In the play, government agents question a woman and her boyfriend as they arrive at O’Hare Airport in Chicago. Susan is an American; Raj, a doctor, is an American of Indian ancestry. The situation suggests at first that the agents have targeted Raj just because they think he is Middle Eastern. But things are not as simple as that. Was Raj in fact helping terrorists, perhaps unknowingly? As in real life, people who see “Homeland Security” must decide for themselves.

A play just opened in New York City deals with the United States military prison at Guantanamo Bay, Cuba. Victoria Brittain and Gillian Slovo wrote “Guantanamo: Honor Bound to Defend Freedom.”

Most of the men in the camp were captured in the war in Afghanistan. The United States targeted al-Qaida, the group led by Osama bin Laden that carried out Nine-Eleven. American-led forces also ousted the Taliban government allied with al-Qaida.

The new play denounces the policies used to hold suspected enemy fighters at Guantanamo.

Another play related to Nine-Eleven is called “Recent Tragic Events.” The play by Craig Wright begins on the day after the terrorist attacks. But the action takes place in Minneapolis, Minnesota, far from the events of Nine-Eleven.

A young woman named Waverly is worried about her sister Wendy, a student in New York. No one has heard from Wendy. Still, Waverly has decided to try to live a normal life.

As the play continues, she talks to several visitors in her apartment. The events of Nine-Eleven force them all to deal with questions that people rarely face when life is normal.

Among those killed at the World Trade Center were three hundred forty three New York City firefighters. From this tragedy came a play called "The Guys." A journalism professor, Anne Nelson, wrote the play based on her own experience. She helped a Fire Department captain as he struggled to write the words to say at memorial services for the men he lost.

"The Guys" became a Hollywood movie. Sigourney Weaver plays the writer; Anthony LaPaglia is the fire captain.

FIRE CAPTAIN: "The thing is, I don't really know what to do. The call came, and the guys went out. They haven't found them yet. Some of the families, they want to have a service now so they can move on. And, uh, I gotta’ get up and I gotta’ talk in church. I been sittin’ in front of a piece of paper all day and haven't been able to write a word, not a...not a sentence. I keep going into a clutch. I'm all right under normal circumstances. But, what am I going to tell those families?"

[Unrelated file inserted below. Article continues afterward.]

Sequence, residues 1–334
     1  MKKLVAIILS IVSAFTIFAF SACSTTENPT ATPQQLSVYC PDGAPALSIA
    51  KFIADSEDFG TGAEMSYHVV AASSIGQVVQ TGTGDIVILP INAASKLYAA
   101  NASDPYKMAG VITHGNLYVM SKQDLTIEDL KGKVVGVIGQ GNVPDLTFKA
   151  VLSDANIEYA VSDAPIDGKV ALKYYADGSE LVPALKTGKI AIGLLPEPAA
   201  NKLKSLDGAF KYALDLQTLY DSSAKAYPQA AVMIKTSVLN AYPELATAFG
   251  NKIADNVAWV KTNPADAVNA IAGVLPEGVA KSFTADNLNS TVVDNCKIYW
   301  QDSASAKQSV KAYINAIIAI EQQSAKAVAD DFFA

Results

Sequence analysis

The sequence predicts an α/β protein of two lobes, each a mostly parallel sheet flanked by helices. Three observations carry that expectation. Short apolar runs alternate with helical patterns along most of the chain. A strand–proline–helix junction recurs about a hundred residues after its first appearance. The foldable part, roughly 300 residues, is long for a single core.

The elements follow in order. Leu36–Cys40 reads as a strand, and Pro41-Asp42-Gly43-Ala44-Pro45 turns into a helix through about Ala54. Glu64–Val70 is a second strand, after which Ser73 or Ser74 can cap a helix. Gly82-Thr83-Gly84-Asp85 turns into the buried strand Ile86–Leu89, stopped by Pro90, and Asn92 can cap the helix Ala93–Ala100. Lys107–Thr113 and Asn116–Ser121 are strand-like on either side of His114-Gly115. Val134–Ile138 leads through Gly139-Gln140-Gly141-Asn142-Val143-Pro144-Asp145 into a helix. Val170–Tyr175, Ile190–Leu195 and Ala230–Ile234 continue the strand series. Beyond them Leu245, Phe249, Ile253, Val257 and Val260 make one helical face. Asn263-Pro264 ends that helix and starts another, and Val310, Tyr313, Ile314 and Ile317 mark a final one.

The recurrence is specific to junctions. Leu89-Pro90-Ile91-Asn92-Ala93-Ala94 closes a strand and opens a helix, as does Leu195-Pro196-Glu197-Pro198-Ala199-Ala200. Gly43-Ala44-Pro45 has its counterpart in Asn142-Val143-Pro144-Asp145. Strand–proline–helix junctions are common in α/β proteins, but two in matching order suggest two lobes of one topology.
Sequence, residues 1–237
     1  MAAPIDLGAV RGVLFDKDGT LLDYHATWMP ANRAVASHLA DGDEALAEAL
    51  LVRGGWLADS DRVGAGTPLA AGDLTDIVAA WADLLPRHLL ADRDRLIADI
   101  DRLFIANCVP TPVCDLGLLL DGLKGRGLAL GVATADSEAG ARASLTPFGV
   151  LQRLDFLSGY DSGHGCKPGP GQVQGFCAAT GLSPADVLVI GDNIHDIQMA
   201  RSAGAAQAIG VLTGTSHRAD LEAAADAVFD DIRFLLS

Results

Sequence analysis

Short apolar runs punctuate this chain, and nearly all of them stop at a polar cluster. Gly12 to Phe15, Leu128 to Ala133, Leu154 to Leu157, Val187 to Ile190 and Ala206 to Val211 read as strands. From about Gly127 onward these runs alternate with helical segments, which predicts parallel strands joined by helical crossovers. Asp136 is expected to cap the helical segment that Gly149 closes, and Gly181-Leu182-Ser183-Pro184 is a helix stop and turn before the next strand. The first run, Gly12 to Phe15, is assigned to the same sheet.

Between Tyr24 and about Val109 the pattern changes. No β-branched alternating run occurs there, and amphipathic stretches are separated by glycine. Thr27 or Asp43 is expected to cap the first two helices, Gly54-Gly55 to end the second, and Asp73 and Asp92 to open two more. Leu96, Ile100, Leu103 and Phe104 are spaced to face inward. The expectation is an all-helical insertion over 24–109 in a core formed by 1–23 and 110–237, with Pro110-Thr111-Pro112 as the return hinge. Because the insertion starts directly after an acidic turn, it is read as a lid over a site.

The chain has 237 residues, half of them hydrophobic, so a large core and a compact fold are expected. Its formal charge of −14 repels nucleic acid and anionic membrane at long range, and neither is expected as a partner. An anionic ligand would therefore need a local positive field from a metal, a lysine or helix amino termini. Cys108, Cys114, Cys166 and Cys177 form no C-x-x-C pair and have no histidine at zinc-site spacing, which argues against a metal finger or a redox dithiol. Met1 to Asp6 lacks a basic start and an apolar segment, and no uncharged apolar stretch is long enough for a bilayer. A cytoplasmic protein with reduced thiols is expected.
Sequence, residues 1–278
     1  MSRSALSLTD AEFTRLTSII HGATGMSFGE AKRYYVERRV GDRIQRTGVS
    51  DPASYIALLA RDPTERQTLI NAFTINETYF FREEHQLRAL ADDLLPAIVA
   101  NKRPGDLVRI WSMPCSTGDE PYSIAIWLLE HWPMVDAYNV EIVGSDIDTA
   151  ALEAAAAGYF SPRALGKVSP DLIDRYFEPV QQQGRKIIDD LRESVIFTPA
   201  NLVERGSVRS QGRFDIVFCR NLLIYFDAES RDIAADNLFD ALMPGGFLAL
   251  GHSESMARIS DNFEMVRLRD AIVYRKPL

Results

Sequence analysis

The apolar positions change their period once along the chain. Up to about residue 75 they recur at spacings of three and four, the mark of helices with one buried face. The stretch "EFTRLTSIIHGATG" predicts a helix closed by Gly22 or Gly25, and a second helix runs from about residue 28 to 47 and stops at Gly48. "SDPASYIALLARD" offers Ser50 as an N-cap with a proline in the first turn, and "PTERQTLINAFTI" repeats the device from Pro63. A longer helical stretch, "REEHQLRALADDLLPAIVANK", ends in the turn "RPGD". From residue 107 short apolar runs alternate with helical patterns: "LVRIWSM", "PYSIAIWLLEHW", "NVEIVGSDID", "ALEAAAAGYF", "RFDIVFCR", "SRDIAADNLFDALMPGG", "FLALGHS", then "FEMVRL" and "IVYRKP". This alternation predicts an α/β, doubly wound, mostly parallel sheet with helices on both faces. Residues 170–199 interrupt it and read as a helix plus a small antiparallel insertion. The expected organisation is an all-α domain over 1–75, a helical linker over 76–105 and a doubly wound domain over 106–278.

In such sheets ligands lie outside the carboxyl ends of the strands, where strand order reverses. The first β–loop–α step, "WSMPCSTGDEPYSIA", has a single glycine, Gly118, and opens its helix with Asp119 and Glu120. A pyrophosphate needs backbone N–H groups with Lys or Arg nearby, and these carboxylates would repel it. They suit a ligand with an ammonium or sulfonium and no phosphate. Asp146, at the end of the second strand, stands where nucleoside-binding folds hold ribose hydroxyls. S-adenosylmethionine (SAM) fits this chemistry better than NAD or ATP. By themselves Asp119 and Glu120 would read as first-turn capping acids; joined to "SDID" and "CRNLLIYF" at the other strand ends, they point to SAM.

WRITER: "Hey, it's okay. Maybe I can help. I've never written a eulogy before, but I've written some speeches. How many did you say there were?"

FIRE CAPTAIN: "Eight."

WRITER: "Eight!"

FIRE CAPTAIN: "Eight men. I lost eight men."

In Washington, the Library of Congress is showing a collection of posters related to Nine-Eleven. One of these posters is formed from images of the victims. It shows the Twin Towers with a burst of yellow light between the buildings.

The poster by Alex Spektor is called “The Sun.” But the light could also represent the fires of Nine-Eleven or a spiritual effect.

Some songs about Nine-Eleven express anger. Other express pride in America. Still others describe conditions during or after the attacks.

Bruce Springsteen wrote “Empty Sky.” The name comes from the days immediately after Nine-Eleven when all but military flights were grounded.

((CUT TWO: BRUCE SPRINGSTEEN, “EMPTY SKY” CDP 25546A, Band Six, beginning at about 0:57 to 1:58))

The New York Philharmonic Orchestra asked the composer John Adams to write a piece in memory of Nine-Eleven. Mr. Adams won a Pulitzer Prize for this work. The names of victims, and some of their final words, are heard over the music.

The piece is called “On the Transmigration of Souls.”

A recording of “On the Transmigration of Souls” by composer John Adams is being released to mark the third anniversary of Nine-Eleven.

Our program was written by Jerilyn Watson and produced by Caty Weaver. And our e-mail address is special@voanews.com. I’m Steve Ember.

And I’m Gwen Outen. Please join us again next week for THIS IS AMERICA in VOA Special English.